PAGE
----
A recent article in The Advocate professed that voters in a survey would approve paying more in taxes to pay for services. The headline of the article seemed rather definite on the topic.
The text of the article indicated that 51 percent of the respondents of this survey were pro-higher taxes on the matter.
I would say that 51 percent is hardly an overwhelming number, especially since the margin of error was plus or minus 3. At best, I would say that the responses were pretty evenly split. Wouldn’t you?
Of course, the devil is in the details. We do not know what the questions were, nor do we know how the questions were phrased. Anyone who has ever participated in a survey can tell you that, many times, questions are asked in such a way as to obtain the answer the questioner wants to receive.
I’d like to conduct a survey. I’ll even tell you what questions I would ask: Is it your opinion that gasoline taxes we currently pay should be used for roads and bridges? Do you think that taxes obtained from lottery and gambling proceeds should be spent on education, as originally promised? Do you think that money our state receives from the tobacco settlement should be used for health care, as it was intended? Do you think that money received by our state as a result of the BP oil spill should be spent on coastal restoration, as we were told? Would you approve of higher property taxes if it resulted in an increase in your apartment rent? Would you approve of an increase in income taxes on businesses if it meant price increases on items you purchase? Do you believe that a temporary tax will actually be temporary?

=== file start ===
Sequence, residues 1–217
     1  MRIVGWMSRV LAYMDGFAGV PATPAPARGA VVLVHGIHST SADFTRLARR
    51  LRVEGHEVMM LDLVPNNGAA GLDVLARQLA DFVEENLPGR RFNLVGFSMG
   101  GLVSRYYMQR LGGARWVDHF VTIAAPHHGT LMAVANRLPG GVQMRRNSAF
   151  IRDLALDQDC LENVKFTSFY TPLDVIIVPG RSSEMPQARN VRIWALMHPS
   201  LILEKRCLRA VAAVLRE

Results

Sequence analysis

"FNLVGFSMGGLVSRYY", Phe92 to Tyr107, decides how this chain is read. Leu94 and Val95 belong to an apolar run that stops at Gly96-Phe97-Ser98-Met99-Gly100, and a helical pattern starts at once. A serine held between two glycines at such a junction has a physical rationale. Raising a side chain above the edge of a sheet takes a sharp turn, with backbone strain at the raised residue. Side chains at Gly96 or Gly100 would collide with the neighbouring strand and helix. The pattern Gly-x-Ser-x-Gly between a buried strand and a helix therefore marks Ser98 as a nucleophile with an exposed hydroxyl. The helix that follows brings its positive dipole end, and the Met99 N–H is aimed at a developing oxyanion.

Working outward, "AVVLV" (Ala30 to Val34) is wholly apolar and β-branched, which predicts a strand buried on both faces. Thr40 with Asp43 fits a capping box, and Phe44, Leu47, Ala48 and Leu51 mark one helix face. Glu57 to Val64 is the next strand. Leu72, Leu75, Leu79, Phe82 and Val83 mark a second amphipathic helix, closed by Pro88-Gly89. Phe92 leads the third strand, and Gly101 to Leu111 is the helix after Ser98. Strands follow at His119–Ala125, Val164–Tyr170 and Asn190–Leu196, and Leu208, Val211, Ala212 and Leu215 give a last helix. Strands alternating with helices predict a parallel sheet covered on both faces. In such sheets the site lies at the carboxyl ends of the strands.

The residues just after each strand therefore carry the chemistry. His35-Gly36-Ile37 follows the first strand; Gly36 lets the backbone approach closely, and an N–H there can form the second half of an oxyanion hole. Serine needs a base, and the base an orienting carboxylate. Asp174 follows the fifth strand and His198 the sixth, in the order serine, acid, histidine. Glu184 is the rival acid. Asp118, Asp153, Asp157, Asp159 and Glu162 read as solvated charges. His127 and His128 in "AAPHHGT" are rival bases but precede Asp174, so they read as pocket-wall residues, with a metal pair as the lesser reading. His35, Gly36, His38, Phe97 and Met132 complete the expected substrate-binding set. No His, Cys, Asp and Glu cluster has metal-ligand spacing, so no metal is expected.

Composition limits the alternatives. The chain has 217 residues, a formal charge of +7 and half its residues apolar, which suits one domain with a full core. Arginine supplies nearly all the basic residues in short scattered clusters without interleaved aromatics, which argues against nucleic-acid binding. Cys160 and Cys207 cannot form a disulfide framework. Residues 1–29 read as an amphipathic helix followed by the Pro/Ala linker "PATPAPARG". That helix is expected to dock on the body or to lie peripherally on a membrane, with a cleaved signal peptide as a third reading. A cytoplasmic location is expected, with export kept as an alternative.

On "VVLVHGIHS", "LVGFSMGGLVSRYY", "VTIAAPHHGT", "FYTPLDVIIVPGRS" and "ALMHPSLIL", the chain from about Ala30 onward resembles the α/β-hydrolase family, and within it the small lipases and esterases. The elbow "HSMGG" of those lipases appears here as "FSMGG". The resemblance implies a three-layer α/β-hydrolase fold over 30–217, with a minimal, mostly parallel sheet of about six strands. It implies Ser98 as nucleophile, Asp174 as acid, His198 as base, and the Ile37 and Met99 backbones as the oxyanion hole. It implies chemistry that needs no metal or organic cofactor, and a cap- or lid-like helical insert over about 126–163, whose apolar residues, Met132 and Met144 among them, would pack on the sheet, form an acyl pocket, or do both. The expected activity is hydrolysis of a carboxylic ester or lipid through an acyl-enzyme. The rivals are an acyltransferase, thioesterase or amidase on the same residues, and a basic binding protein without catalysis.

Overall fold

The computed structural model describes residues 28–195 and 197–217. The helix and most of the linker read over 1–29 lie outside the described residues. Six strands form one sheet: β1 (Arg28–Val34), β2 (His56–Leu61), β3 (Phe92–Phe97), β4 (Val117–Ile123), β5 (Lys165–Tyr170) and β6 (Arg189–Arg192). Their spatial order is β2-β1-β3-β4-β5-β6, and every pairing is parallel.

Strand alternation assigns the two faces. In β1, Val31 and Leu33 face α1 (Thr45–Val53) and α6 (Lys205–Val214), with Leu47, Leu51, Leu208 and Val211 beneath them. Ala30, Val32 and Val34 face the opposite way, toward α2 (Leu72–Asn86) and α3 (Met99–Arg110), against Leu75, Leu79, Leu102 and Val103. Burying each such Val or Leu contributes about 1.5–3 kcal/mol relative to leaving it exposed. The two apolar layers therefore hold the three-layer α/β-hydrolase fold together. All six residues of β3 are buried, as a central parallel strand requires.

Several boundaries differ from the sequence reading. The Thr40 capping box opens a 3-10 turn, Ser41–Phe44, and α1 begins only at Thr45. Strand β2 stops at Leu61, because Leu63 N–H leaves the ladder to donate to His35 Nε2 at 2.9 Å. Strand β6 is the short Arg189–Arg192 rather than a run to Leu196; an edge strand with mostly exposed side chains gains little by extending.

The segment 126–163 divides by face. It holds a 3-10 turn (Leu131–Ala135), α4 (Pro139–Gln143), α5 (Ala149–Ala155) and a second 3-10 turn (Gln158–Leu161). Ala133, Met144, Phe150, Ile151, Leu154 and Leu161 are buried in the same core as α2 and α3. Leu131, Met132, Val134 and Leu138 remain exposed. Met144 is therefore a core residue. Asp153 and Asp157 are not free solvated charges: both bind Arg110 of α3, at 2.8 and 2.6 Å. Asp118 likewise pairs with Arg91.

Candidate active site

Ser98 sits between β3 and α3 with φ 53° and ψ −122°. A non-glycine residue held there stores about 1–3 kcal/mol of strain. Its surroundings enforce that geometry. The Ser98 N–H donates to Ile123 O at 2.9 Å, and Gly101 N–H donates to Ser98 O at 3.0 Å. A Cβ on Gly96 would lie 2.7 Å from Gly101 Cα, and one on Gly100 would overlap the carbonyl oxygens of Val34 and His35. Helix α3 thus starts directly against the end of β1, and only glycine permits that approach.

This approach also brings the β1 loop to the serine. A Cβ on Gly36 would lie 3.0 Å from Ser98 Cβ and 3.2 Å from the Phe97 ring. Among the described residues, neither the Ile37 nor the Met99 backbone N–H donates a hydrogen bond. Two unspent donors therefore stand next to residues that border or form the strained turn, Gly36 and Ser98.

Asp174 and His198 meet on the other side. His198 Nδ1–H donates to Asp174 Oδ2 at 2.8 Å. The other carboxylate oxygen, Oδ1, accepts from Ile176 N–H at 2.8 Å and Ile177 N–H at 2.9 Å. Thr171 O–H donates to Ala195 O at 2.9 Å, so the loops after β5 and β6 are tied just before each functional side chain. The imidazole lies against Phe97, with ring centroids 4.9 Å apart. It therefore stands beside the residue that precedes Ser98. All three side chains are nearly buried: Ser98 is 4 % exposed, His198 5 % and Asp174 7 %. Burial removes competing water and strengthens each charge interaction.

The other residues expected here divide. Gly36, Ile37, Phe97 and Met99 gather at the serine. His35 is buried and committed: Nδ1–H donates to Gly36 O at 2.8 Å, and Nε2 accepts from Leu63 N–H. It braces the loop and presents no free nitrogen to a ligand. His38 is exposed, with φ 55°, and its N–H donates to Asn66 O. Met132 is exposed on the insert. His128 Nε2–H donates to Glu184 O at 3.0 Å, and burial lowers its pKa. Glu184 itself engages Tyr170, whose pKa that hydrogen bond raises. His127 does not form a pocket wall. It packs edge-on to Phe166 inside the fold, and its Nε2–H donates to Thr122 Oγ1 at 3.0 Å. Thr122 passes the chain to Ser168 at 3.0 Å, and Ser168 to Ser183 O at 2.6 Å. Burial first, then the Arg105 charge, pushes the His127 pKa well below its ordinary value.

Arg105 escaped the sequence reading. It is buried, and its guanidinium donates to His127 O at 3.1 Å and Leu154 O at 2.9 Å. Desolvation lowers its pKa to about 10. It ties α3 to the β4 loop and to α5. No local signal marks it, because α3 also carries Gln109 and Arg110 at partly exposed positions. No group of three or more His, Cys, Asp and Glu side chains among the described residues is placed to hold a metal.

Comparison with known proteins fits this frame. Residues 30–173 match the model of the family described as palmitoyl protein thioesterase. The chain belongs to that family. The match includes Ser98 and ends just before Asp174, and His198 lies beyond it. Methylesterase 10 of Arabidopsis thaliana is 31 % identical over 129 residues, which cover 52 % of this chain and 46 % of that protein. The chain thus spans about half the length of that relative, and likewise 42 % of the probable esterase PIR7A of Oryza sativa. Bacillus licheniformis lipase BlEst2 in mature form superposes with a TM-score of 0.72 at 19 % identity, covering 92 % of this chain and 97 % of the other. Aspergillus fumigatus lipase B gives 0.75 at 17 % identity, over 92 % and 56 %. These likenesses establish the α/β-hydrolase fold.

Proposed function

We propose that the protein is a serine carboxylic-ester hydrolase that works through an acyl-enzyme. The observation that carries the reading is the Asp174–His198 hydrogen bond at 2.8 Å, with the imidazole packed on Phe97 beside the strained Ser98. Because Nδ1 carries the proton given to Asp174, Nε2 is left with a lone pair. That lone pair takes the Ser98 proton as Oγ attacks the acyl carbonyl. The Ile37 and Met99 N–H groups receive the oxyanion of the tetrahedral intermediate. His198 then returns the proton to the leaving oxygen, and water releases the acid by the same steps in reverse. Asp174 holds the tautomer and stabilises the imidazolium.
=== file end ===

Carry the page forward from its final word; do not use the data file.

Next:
So, any survey takers out there, feel free to ask any of these questions on your next survey.